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3-5

Recommendation: It’s not a movie of subtlety. Gimme Shelter uses a girl’s troubled youth as a platform to spread anti-abortion sentiment (a fact that I personally have no issues with, but you need to know it is there), and a need to start finding ways to serve the nation’s (and the world’s) underprivileged youth better. Moving beyond the B.S. of politics, there are wonderful performances contained herein that you should not allow yourselves to miss. It’s not a perfect film, but it’s a pretty moving one.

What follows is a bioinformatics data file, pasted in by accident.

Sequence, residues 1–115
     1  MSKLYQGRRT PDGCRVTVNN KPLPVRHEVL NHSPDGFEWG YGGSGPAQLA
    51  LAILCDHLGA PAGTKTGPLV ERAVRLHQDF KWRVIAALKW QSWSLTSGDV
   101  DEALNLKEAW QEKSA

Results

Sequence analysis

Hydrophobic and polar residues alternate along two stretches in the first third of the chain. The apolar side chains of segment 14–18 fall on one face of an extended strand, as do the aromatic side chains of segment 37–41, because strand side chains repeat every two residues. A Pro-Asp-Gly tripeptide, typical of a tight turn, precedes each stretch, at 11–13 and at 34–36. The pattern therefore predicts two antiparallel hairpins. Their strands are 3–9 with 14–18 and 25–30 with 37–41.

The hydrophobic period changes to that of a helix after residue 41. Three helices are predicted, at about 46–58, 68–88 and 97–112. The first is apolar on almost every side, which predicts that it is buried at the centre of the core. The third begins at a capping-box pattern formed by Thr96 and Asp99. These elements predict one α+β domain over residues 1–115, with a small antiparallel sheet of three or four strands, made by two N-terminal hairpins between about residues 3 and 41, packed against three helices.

Rated: PG-13

Running Time: 100 mins.

Quoted: “I’m okay; I’m not scared.”

All content originally published and the reproduction elsewhere without the expressed written consent of the blog owner is prohibited.

Photo credits: http://www.impawards.com; http://www.imdb.com